During a CVI, the state trooper or other issuers of the inspection will look for the following problems with your CMV:
- Whether your insurance is current
- If your vehicle has mechanical fitness issues
- How secure your cargo is
- If your permits are up to date
- How many hours you’ve driven consecutively
- If your vehicle is considered overweight
- If the driver has a current CDL
- Whether your vehicle is leaking fuel anywhere
- If any frames are cracked
- If your brake linings are as thick as they should be and whether they’re cracked
- If the tires are too worn down
Should you fail any of the above inspection areas, the officer will recommend the next steps, although these often involve fixing the problem as soon as possible.
What Do Commercial Plates Mean?
You already know you need a specialized license for operating a CMV, so does that apply to plates as well? Indeed, commercial license plates indicate that your vehicle is being used for commercial purposes, including traveling with passengers or cargo and gear.
While it varies by state, this license plate will typically say “commercial” somewhere on it. It will also have a tag or sticker letting you know when the plate expires.
While you must first register your CMV to get a license plate for it, once you do, you’ll begin reaping a slew of perks.
For one, it’s possible to shave money off your insurance costs, sometimes as much as 10 percent, after you register as a CMV. You also gain access to parking spots unusable by most regular vehicles so you can drop off and pick up cargo more efficiently. Even better is that you can get the money you paid to register your CMV back on your tax return.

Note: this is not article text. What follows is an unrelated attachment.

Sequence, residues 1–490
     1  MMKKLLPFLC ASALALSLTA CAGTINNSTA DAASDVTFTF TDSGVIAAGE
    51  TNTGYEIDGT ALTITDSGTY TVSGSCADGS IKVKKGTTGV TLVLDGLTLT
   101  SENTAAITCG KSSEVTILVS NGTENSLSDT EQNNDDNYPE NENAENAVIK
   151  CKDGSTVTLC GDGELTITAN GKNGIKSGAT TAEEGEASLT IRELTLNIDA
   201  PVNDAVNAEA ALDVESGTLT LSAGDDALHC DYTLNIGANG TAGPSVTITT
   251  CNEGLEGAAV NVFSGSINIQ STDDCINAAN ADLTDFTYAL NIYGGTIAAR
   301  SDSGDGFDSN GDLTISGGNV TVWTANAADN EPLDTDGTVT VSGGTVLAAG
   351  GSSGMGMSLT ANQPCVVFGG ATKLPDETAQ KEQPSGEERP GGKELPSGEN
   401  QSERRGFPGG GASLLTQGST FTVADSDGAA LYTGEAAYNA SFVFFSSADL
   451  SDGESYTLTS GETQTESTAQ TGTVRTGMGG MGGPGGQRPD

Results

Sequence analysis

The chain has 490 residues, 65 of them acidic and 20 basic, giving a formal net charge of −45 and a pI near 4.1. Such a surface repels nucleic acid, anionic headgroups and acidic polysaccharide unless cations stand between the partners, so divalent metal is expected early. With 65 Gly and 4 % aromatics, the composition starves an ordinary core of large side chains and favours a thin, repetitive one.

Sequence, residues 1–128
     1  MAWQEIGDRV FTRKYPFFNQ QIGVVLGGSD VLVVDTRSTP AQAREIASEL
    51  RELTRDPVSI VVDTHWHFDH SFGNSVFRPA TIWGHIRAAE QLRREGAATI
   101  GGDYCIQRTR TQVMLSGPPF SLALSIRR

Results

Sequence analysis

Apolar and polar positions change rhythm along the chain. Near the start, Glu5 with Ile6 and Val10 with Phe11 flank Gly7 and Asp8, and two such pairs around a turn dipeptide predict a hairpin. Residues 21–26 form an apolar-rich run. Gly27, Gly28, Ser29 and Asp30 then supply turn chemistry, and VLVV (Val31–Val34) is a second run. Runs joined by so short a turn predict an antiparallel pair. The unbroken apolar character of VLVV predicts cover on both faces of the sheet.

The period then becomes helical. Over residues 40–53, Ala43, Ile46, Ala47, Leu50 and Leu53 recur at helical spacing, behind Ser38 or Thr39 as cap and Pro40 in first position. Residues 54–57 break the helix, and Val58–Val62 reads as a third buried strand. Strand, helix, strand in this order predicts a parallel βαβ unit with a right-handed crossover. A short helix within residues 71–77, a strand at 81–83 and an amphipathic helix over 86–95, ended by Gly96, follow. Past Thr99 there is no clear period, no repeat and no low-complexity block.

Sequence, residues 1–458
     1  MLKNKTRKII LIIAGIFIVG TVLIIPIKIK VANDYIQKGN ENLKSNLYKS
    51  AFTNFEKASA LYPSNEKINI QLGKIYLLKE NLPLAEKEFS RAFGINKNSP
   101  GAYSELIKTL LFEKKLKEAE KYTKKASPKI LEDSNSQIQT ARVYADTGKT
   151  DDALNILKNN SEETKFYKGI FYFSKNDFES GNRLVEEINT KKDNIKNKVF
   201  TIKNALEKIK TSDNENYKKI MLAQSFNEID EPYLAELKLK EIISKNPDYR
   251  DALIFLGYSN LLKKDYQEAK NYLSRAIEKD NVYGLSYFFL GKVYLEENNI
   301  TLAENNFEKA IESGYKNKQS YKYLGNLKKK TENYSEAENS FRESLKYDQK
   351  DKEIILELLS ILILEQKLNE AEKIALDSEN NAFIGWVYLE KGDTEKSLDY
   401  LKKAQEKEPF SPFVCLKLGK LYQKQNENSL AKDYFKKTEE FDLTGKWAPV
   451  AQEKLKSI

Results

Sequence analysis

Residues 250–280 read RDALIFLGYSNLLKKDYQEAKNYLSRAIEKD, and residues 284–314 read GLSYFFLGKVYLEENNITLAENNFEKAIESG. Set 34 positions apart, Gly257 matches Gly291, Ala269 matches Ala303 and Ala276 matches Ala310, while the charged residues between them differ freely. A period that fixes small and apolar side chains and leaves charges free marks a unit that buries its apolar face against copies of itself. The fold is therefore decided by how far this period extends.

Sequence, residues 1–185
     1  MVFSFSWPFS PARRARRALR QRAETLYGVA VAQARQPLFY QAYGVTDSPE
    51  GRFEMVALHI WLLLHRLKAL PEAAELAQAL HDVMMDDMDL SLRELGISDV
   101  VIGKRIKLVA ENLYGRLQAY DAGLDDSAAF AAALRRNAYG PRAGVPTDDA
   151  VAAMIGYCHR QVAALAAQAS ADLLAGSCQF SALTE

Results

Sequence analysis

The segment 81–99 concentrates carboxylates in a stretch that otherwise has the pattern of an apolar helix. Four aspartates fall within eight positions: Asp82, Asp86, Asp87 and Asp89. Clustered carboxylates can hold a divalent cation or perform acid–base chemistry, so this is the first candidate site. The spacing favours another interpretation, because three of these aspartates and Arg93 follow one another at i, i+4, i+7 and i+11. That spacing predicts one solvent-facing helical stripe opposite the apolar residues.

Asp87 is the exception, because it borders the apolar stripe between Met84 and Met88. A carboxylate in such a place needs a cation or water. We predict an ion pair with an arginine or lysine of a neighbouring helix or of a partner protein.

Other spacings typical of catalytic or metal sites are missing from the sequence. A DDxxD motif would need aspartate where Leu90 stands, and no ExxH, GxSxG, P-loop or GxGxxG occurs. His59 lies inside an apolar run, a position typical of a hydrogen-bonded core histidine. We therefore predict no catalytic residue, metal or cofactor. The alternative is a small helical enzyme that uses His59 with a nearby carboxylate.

Can a Private Car Be Converted to a Commercial Vehicle?
If you’re convinced a CMV would be for the betterment of your company, then you may be interested in taking a private car or truck and making it into a commercial vehicle. Is this even possible?
Indeed, it is. There is an age limit on the vehicle, so if your current private car/truck is closer to a decade old, you might want to reconsider. You will need a CDL if you don’t already have one so you can now operate your commercial vehicle. You’d also have to upgrade its registration to reflect the change. Finally, you’d have to get fresh plates that display your commercial vehicle status.
This can be a time-consuming and even pricy venture, so make sure you have patience and keep your goals realistic. Also, should you ever change your mind, you can convert some commercial vehicles back to private ones, especially if yours had been a private vehicle prior.
The bottom line on commercial motor vehicles
A commercial motor vehicle or CMV is any vehicle used to carry people or goods to earn money for a business. While not every private vehicle can become a CMV, many pickup trucks can.
If you’re interested in converting your vehicle to a CMV, you need a commercial driver’s license and commercial plates. You must also re-register your vehicle and ensure you follow all CMV regulations. Your CMV will be inspected as well, so be ready for that. Best of luck!